Using a strap to tie things together is not a new idea and interestingly many of the products featured in this post have their roots in traditional crafts techniques and ideas. Just strapping a few bits and bobs together this ain’t. Its partly about learning from the past but also out of necessity and practicality, applying a simple device to create a useful functional ethical product.
Simon Hasan has used leather straps to hold integral parts of his work together. The welded box of the cabinet is held onto the oak stand and the cushion on the stool is held in place by the use of leather straps that have been boiled to give them strength.
His work was inspired by reading about the technique of boiling leather (cuir bouilli) that turns soft mallable leather into a much harder material without the use of any resin or other chemical treatments. The strength and durability of the leather is such that this medieval process was used for armour and drinking vessels. Simon has combined this process with another ancient crafting skill that is wood cleaving.
Chairless byAlejandro Aravena for Vitra. Again taking inspiration from the ancient , Alejandro’s strap is an idea developed from the Ayoreo Indians of South America. Aimed at the “modern nomad” its very light and easy to pack down and is meant to by used when chairs are in short supply.The strap takes the strain and relieves the back and legs, and keeps your hands free for reading, eating, tinkering on you laptop etc. I’m sure this will be hugely copied, anyone going to a music festival in the next year will suddenly see them everywhere. They do take a bit of practice so it could be entertaining watching people getting tangled, rolling around….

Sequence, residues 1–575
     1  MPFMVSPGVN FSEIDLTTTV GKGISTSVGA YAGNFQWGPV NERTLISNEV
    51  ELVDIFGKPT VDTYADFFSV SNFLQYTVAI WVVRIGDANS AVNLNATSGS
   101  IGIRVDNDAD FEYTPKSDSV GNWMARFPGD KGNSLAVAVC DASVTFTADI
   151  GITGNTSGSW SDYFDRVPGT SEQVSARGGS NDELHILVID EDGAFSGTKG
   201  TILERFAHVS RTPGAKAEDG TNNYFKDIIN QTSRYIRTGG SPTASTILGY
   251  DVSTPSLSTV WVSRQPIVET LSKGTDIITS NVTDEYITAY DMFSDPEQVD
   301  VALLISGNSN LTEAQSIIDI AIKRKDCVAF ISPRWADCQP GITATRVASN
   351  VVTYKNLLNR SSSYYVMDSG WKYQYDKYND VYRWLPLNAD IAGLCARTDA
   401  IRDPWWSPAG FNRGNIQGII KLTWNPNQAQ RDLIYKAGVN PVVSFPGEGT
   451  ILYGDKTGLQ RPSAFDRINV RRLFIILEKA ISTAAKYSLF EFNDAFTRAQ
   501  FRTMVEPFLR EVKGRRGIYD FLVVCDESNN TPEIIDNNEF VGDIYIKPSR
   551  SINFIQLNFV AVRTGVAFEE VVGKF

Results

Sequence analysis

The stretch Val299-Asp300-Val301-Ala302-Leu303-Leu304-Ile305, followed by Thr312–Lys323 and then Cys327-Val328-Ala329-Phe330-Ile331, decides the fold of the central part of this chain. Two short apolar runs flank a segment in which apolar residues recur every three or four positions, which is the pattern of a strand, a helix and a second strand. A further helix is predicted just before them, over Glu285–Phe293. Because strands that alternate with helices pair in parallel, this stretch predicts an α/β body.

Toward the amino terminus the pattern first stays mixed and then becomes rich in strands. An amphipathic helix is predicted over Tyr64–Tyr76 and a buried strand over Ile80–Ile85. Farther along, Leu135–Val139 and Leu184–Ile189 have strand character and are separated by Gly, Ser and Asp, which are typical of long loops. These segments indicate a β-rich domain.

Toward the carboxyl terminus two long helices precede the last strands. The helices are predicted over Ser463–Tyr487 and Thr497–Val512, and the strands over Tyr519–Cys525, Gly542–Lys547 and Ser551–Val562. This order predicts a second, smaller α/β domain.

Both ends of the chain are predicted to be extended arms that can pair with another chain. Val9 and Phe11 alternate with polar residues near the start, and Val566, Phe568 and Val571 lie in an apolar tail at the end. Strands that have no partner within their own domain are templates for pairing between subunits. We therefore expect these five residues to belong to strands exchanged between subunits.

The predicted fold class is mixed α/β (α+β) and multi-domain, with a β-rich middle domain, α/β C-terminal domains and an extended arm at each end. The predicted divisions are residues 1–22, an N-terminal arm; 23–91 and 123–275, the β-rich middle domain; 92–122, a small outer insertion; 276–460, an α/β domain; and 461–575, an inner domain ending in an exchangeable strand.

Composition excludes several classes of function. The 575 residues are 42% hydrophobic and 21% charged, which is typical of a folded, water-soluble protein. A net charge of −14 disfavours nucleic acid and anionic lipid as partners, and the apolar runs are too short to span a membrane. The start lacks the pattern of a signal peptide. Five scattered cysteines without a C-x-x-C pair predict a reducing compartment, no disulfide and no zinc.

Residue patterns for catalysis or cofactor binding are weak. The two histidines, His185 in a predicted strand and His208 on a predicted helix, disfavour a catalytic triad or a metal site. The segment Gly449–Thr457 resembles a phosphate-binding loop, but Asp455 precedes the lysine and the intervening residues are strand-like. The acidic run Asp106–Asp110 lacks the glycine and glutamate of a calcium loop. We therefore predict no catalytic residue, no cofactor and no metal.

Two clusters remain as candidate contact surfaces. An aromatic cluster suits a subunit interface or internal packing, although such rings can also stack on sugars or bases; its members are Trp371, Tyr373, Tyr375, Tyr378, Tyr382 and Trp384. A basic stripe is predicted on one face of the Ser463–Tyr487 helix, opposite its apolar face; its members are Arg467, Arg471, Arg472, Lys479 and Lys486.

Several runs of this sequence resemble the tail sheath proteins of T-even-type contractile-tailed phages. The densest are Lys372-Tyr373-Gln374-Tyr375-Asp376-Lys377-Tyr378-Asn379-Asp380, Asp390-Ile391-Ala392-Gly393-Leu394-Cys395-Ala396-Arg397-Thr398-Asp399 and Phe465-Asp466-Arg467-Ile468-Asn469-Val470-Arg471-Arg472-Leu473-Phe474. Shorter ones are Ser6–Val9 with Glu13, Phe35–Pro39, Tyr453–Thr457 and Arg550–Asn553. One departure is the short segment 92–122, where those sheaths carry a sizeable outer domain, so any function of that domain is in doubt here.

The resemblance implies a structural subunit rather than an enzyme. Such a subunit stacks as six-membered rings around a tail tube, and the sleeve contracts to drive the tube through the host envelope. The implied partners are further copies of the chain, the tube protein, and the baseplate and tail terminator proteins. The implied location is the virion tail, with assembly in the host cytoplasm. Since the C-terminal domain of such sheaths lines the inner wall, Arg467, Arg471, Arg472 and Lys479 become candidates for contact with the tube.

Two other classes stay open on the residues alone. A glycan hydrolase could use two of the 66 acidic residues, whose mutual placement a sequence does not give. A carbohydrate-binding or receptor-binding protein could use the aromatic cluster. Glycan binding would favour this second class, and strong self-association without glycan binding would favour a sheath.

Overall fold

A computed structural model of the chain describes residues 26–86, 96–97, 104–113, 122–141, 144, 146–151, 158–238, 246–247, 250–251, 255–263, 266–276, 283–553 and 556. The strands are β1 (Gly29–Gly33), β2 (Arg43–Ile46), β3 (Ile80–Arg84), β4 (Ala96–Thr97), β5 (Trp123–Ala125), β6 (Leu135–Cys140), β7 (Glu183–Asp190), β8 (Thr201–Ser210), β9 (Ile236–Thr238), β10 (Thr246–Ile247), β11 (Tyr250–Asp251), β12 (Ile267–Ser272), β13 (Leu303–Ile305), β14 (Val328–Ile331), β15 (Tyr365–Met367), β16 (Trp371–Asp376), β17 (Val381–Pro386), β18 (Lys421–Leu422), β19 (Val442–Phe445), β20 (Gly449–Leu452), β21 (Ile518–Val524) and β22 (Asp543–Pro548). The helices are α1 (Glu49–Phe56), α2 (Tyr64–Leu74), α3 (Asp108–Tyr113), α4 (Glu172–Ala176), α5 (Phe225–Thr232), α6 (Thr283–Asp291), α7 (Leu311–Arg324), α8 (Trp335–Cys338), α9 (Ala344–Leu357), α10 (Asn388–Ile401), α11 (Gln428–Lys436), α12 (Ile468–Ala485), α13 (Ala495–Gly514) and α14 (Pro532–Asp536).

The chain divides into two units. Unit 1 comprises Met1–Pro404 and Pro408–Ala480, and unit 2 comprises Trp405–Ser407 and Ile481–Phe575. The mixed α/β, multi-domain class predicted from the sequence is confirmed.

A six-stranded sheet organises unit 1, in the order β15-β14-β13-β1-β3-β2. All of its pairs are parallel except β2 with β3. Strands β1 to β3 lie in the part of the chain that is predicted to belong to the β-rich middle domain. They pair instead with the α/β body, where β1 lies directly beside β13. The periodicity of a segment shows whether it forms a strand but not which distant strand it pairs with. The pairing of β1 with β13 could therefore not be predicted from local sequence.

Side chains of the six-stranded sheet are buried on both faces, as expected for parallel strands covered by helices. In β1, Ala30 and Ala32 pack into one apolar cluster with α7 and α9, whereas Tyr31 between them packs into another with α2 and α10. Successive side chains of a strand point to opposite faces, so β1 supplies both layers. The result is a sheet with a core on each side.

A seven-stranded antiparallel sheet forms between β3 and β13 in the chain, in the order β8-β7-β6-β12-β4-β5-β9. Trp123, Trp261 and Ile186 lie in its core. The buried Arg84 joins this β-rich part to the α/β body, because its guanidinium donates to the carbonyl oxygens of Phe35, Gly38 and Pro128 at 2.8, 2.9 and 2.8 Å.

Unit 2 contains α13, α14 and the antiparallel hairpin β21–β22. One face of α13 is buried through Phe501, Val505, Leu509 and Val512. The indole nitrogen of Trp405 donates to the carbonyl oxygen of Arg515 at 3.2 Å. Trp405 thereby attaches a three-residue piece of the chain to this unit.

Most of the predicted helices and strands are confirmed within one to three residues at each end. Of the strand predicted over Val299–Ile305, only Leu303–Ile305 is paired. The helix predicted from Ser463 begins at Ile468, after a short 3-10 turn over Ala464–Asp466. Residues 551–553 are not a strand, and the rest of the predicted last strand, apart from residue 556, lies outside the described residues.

Bungee straps, those super strong stretchy bands loved by the camping and trekking fraternity to attach all manner of necessities to the car or bike have also been appropriated by designers .
Blow Sofa by Malafor. It is an environmental product; made from 100% recyclable dunnage bags, the inflateable bags sit on a frame held together by bungee straps. It looks a little precarious to sit on, but as long as its not over inflated its rather comfy. The bags are paper covered so you could add your own doodled design to them.
Lukas Franciszkiewicz’ Stool FRNKWZ* also uses a steel frame as its base with a black bungee strap to hold the square cushion in place. The sense of instability from the straps is offset by the structure of the pyramid steel frame – theres a bit of give in it but its not going to slip off.
Mugrosita by Liliana Ovalle took inspiration for her work from the way street vendors in Mexico City held their stalls and tangled bags of merchandise together by straps and knots. The wooden frame of the couch is overlaid with a serise of beanbags secured by ropes.
Autarky by Studio Formafantasma shown in Milan at Spazio Rossana Orlandi follows on from their work mentioned in my Earth post. Again using natural materials to create the vessels the strap is used to hold things that accompany the meal either spoons, bread or biscuits.